There are several ways to preserve areas of the painting that will remain white in the finished painting. An area can simply be painted around or it can be masked with a variety of methods. Masking is a technique used to cover an area temporarily in order to prevent it from being painted. (The same techniques can be used to preserve a previously painted area.)
The easiest way to preserve white areas in a painting is to simply paint around them. Use a large brush to paint large areas; change to a small brush to get into the small areas.
Another way to paint around white areas is to wet the area around the white and then drop in paint. The paint will only go where the paper is wet.
Frank Webb uses a lot of white in his paintings. He often starts a painting by applying a wash to everything that is not going to remain white. He calls this the "mother wash." After the mother wash has dried, he superimposes progressively darker washes on top.
Masking fluid (liquid frisket)
Click on this link to read detailed information about Masking Fluid.
Frisket Film (contact paper)
Lay frisket film (with the backing still attached) over your drawing. Trace the drawing onto the frisket film with a fine-tip permanent marker. Cut out the shape, remove the backing and adhere it to the watercolor paper.
Frisket film often has a problem of paint seeping under the edges. To avoid this, cut the frisket film 1/16 inch smaller than the shape it is to cover. After it is placed on the watercolor paper, fill the 1/16 inch gap between the frisket film and the edge of the shape with masking fluid. This seals the edge so the paint cannot seep underneath.
A single piece of masking tape can be placed over a shape that is to be protected. Since the masking tape is semi-transparent, you can see the lines of your drawing through it. Use a sharp knife to cut the tape to fit the shape.
For larger areas, several overlapping pieces of masking tape can be used.
Paper or Matboard
Cut a piece of computer printer paper, wax paper, or matboard to fill most of a shape to be protected. Use masking tape to secure the paper in place.
Wax (candle, crayon, wax paper)
Draw on the watercolor paper with a white candle or white crayon. When you paint a wash over the waxed areas, the wax will resist the watercolor, leaving a white line.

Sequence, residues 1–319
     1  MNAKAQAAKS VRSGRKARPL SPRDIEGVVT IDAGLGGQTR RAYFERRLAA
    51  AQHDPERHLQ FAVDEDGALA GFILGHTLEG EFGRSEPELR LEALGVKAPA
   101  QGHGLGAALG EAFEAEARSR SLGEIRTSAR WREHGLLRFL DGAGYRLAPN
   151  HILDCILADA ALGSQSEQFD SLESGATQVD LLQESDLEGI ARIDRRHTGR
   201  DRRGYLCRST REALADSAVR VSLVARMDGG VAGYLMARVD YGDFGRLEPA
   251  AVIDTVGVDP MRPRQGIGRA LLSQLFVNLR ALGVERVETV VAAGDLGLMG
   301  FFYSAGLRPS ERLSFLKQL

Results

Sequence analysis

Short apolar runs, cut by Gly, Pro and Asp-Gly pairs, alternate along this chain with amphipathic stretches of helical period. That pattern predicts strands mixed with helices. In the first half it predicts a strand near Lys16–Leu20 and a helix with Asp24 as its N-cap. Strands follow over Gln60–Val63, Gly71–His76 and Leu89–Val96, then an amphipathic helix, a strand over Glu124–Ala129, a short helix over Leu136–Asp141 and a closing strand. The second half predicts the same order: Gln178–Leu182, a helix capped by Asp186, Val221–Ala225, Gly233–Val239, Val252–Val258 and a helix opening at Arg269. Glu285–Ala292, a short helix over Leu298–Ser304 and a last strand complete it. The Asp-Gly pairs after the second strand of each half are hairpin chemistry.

Lay a piece of wax paper on top of the watercolor paper, then draw on the wax paper with a stylus. Wax from the wax paper will be transferred to the watercolor paper.
- Ink a stamp with a VersaMark.
- Stamp the paper.
- Cover with clear embossing powder and heat with a heat gun.
- Apply watercolor paint and let dry.
- Place a piece of computer printer paper over the top of the design and heat with an iron until the embossed pattern appears in the printer paper.
- Cut rice paper to the size you want. (Some batik artists prefer Awagami Ginwashi or hemp paper.)
- Sketch your drawing on white paper and place it under the transparent rice paper.
- Trace the design onto the smooth side of the rice paper with a permanent, waterproof pen such as a Pigma Micron 05.
- Melt paraffin wax in an electric frying pan or glue pot. Melt the wax slowly in a well-ventilated area to 200 to 225 degrees Fahrenheit. At higher temperatures the wax can catch fire.
- Place a piece of waxed paper beneath the rice paper to keep it from sticking to your work surface.
- Place a piece of dark paper below the wax paper to make it easier to see where you are placing the wax.
- Decide what areas are going to be white in the final painting. Those areas will receive the first layer of wax.
- Dip an inexpensive natural hair brush into the hot wax and spread a small amount onto the paper. (As soon as the wax is applied, return the brush to the container of hot wax so it will be ready for the next application.)
- Apply small amounts of lightest value watercolor paint over the dried wax and onto the rice paper. (Since rice paper has no sizing, the paint will spread rapidly. To avoid hard edges, brush the edge with a wet brush and gently blot with a paper towel.
- Let the paper dry thoroughly.
- Add a second application of wax over areas you want to protect from the next darker wash.
- Apply the darker wash over the second layer of dried wax.
- Continue waxing to protect areas from the next progressively darker wash, until you have applied the darkest layer of paint.
- After you've added as many applications of wax and as many layers of watercolor as you want, let the paper dry.
- Cover the entire front of the paper with another coat of wax to be sure you've waxed every area at least once.
- When this layer of wax has cooled, peel off the wax paper that was placed between the rice paper and your work surface.
- Gently crinkle the rice paper into a ball.
- Flatten the crinkled paper, being careful not to brush or shake off loose pieces of wax.
- Apply a final wash of watercolor over the paper. (Some of the wash will go through the cracks, but most will bead up on the surface of the wax.
- Without waiting for the paint to dry, apply a final coat of wax over the entire front of the paper, going right over the wet beads of paint, sealing them into the wax.
- Remove the wax by placing the batik in the middle of a stack of 6 sheets of newspaper and heating the stack with an iron set to the cotton setting. (The heat will melt the wax and the newspaper will soak it up.
- When you see the wax starting to bleed through, replace them with fresh papers and continue heating. Repeat this process three or four times until the newspapers remain clean and all the wax has been removed.
- Mount the batik on a piece of white or off-white matboard using double-sided or line tape.